If you would like to share your planned vacations on the lab calendar or update your slack status when you are away or sick, you are welcome to do so. However, I want to emphasize that this is not a requirement, and while you should let me know when you will be away from the lab, you do not have to share your specific schedule or reasons for being out with the whole lab.


Individual meetings

For junior trainees, we will have weekly one-on-one meetings; after one year in the lab, we can reduce the frequency of meetings to every other week (or keep meeting weekly!). Prior to our meetings please make an agenda for the meeting and share it with me on slack or in your lab notebook. This time is yours to use as you like, but I suggest including an update on what you accomplished in the last week and a plan for the next week’s work. It can also be helpful to share slides with data you’d like to discuss.

Yearly individual goals meeting

In the spring, we will use one of our individual meetings to complete any required yearly evaluations and discuss your long-term research and career goals. If you do not have a required written evaluation as part of your training program, I would suggest using an individual development plan. Unless your program has a different timeline for yearly evaluations, please plan to have this meeting during our first individual meeting after UGA’s spring break.

Lab meeting

We have a weekly, one hour lab meeting. We will use this the first 10-15 minutes for general lab updates, and we will use the remaining time for research presentations, practice talks or poster review, discussion of journal articles, tutorials on computational or other scientific skills, or discussion of broader topics which put our work in context with our community, including outreach, advocacy, and DEI. At the beginning of the fall, spring, and summer, we will reschedule our weekly lab meetings to best accommodate everyone’s schedules.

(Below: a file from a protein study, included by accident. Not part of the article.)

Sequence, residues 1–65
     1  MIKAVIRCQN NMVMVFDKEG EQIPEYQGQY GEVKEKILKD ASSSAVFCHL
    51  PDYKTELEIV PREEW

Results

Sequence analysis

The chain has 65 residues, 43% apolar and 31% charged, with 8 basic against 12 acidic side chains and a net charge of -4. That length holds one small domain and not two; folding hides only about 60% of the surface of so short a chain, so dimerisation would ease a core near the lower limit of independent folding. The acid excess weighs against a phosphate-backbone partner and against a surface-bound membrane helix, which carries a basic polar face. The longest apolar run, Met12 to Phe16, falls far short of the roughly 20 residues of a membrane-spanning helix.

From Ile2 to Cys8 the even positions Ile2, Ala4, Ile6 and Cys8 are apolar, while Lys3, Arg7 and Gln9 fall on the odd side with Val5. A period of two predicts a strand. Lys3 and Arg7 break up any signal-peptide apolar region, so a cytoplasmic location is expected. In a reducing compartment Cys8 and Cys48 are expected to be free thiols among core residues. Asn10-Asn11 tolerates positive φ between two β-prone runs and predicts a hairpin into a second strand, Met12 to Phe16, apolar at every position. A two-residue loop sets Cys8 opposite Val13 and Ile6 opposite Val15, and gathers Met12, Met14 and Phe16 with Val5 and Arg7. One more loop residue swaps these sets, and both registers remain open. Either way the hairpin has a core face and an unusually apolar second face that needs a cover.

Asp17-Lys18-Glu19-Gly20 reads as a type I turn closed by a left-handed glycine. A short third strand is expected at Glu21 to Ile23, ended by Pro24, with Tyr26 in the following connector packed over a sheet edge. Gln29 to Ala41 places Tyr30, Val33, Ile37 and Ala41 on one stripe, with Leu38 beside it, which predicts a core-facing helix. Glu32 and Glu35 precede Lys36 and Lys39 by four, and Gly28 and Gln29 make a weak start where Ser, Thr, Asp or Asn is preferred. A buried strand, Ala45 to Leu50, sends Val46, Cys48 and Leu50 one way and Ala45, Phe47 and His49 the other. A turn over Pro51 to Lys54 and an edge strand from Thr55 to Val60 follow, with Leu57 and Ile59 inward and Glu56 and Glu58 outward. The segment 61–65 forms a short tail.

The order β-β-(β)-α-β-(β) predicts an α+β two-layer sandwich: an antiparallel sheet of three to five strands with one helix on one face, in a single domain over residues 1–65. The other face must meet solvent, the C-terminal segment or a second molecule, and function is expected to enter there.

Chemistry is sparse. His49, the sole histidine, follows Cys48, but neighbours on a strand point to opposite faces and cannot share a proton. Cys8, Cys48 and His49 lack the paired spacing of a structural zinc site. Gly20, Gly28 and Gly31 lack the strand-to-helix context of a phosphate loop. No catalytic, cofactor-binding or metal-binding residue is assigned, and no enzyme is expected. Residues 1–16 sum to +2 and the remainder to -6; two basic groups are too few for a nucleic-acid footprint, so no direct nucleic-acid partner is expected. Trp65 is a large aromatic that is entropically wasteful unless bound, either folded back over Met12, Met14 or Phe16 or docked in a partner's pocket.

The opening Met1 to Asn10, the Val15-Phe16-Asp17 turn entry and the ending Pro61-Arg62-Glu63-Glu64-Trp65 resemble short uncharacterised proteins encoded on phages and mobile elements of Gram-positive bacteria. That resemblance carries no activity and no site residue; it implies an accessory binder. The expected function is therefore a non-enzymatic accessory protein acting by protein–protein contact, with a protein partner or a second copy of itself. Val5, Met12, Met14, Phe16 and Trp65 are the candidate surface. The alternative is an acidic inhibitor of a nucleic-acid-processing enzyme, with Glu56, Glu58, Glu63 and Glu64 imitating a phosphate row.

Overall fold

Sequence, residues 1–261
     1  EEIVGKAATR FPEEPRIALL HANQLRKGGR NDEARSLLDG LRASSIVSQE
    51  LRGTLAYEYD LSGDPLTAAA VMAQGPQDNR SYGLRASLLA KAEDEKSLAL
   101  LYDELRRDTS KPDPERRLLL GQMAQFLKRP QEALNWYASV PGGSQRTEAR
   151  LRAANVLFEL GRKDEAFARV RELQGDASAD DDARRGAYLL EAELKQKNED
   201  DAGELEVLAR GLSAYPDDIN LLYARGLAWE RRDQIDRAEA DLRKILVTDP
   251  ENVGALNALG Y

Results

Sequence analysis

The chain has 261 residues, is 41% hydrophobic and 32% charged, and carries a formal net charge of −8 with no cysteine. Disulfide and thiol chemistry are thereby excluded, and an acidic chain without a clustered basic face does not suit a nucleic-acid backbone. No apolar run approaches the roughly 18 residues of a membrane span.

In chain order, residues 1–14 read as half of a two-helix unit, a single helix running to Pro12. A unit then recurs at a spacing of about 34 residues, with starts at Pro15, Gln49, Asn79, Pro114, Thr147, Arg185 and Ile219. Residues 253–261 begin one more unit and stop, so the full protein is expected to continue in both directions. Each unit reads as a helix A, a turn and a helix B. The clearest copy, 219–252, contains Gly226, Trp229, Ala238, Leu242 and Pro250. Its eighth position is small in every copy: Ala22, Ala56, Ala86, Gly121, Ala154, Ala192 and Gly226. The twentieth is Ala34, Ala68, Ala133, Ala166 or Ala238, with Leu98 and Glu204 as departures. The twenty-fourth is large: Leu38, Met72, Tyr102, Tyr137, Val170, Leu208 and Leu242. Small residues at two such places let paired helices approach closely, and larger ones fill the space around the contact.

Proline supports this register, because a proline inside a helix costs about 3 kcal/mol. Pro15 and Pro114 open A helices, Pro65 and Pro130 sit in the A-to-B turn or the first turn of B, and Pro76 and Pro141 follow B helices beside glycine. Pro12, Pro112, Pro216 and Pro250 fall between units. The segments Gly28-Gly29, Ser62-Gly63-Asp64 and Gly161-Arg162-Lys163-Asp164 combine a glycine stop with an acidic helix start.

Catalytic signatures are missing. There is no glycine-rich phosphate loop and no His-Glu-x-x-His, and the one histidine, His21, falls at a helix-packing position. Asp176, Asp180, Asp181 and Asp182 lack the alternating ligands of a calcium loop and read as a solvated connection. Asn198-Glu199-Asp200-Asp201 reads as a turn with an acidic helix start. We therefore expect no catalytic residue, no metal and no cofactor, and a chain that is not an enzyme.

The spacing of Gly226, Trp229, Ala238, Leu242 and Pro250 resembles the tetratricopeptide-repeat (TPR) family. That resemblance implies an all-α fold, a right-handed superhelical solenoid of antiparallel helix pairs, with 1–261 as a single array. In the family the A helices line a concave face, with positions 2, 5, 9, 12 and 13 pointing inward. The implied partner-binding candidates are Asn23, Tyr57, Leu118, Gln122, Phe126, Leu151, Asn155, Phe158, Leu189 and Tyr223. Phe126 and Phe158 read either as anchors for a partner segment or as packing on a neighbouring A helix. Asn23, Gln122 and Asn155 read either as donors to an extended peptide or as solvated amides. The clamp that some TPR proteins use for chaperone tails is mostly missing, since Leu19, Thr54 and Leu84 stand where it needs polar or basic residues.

Yearly lab goals meeting

In the fall, we will schedule a half day lab meeting to discuss our projects and goals as a lab. During this time, I will also give a ‘state of the lab’ update on lab achievements, funding, and lab directions for the next year. We will also use this time to review this handbook to make sure it is up-to-date, useful, and reflects our shared values and expectations.

Yearly lab organization and cleaning

We will have a day dedicated to lab organization and cleaning scheduled during the last week of classes in the spring semester on our normal lab meeting day. All lab members are expected to participate during the time you would normally be in the lab. Our goals for the day include:

  • Ensuring your lab notebook is organized and up-to-date and creating a compressed back-up to send to me
  • Organizing and documenting your data and code for ongoing projects
  • Reviewing lab inventory in LabSuit and our sample inventory spreadsheets
  • Cleaning and organizing the wet lab and dry lab spaces
  • Double checking that we are complying with all lab safety requirements

We will also have a lab lunch on me!


Department of Microbiology Seminars



Lab space

The lab is located in the Poultry Diagnostic and Research Center Building (953 College Station Rd) in Room 121, which can be accessed from the main lobby.


The lab will provide a computer, monitor, external hard drive, and workspace for anyone working full-time in the lab (staff, graduate students, postdocs). If you are an undergraduate or rotation student in the lab who does not have a usable laptop for your work, please come talk to me; we will find a way to get you a computer with either lab or university resources.


The lab’s slack workspace is the main method of lab communication. You will be automatically added to several channels when you join, but please also check out the channel browser and join any other public channels related to your work.


We have a shared lab Outlook calendar. Please request access if you have not been added to the calendar.


We share all project related code through the lab GitHub organization.